Well. At least I know this stuff. Living by it, that’s another thing entirely. I don’t always walk my talk for sure. But I get it, and at least that helps me in the wake of my witness to all that off-the-charts (or on-the-charts, I should say) achievement. Yeeps. I’m still a little overwhelmed with the scope of this world. It still makes me nervous, it still challenges my sense of self-worth and meaning. But I acknowledge it, try to improve my outlook just the teensiest bit, and then I try to proceed into my day in as much joy as I can. Because I know, regardless of the numbers in my bank account, that I am an important person in the world. I’ve got my thing, and I’m doing it. I know that I am very influential in my tiny family of two. And to my tiny friend Gwendolyn, I’m very big indeed.

 

5 Responses to “Small”

  1. Alex Says:

    It only takes one person to change the world :) Keep up the nice work!

  2. Gene Burnett Says:

    I was just thinking along these lines recently….http://geneburnett.blogspot.com/2013/08/trivial.html

  3. Lindy A. Says:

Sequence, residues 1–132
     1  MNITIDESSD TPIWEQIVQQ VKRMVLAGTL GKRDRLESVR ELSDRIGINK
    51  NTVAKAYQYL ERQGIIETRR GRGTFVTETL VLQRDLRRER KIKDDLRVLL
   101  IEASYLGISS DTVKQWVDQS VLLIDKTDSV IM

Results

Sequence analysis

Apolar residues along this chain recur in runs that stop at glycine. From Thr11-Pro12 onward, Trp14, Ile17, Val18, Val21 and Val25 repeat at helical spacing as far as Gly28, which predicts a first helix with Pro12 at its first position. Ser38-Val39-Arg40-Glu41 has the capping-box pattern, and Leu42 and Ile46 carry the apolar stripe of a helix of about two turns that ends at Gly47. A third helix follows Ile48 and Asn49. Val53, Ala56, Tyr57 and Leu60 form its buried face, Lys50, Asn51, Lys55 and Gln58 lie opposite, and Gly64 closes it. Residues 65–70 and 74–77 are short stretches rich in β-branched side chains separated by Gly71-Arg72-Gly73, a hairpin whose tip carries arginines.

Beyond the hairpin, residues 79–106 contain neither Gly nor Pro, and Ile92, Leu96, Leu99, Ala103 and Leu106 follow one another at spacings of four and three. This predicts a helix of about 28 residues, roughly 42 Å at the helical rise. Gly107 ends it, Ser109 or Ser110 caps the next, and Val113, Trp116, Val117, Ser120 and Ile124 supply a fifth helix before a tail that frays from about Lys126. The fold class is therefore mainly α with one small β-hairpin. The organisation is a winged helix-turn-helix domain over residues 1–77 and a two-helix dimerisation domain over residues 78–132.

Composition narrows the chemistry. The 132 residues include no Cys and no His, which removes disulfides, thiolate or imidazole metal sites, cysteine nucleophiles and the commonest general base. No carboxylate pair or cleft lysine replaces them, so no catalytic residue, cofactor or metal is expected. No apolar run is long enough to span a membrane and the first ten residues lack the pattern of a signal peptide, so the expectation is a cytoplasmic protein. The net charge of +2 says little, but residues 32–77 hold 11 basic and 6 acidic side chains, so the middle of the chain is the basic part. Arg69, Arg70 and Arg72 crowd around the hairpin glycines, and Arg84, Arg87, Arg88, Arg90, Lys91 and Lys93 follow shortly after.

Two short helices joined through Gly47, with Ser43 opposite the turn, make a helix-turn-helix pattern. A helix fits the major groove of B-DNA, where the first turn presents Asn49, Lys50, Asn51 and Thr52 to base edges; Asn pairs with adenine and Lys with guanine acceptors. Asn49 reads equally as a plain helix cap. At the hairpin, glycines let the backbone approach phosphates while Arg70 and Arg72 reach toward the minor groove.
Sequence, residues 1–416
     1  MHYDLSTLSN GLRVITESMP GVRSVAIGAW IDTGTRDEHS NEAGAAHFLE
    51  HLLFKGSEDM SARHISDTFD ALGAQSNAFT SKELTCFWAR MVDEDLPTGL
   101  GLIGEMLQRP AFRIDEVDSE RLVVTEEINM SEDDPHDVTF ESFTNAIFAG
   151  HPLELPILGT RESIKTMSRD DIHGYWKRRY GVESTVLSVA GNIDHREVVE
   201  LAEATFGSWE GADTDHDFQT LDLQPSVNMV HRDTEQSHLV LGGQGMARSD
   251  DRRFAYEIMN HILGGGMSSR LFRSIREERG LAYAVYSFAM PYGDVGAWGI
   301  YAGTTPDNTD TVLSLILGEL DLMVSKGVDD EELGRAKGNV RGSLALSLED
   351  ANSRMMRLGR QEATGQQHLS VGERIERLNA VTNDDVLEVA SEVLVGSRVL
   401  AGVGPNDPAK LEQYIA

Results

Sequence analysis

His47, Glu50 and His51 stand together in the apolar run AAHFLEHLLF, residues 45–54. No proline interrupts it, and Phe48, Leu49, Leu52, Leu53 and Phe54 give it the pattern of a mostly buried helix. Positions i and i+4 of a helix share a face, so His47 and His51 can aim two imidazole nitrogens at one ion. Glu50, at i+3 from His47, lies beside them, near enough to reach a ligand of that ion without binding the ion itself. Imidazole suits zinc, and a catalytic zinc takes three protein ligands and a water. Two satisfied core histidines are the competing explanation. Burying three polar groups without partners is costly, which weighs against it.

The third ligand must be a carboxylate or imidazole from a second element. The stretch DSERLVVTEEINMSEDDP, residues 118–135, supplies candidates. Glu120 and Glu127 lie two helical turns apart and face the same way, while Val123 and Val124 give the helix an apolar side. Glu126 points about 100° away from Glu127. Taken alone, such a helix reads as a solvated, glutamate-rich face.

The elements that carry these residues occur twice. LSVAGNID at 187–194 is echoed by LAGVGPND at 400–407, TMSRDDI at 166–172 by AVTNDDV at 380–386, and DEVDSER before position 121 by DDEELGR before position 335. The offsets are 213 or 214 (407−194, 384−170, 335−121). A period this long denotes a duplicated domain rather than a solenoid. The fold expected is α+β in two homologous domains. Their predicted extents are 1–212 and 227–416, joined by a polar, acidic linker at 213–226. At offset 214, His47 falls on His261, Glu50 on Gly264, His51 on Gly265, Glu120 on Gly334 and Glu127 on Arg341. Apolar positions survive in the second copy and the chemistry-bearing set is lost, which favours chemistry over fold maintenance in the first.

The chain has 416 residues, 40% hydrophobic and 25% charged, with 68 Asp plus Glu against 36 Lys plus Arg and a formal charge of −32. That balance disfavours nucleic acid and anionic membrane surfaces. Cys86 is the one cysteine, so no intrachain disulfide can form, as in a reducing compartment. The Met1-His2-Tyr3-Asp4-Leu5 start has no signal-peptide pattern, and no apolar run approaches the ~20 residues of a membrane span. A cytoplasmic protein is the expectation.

This really made me reflect on my past. There was a time when I felt a quiet yearning to do more. I had a sense that I should have “gone farther” by now. I felt that perhaps I’d wasted my potential or taken a wrong path. I don’t know when or how, but the feeling went away. There was a point when I stopped trying so hard to achieve and turned the corner to more just living. I’m sure leaving the corporate world and retiring had something to do with it. But, I think it happened sooner — and quietly. Thanks for taking me back so I could see how far I’ve traveled.

    • Gene Burnett Says:

      Ambition can really be the enemy of happiness sometimes…A turning point for me was when I started identifying myself with what I was aiming for rather than how often I hit the target or how good a shot I was compared to other people. “Just living” is not as easy as it seems, huh? ;~) GB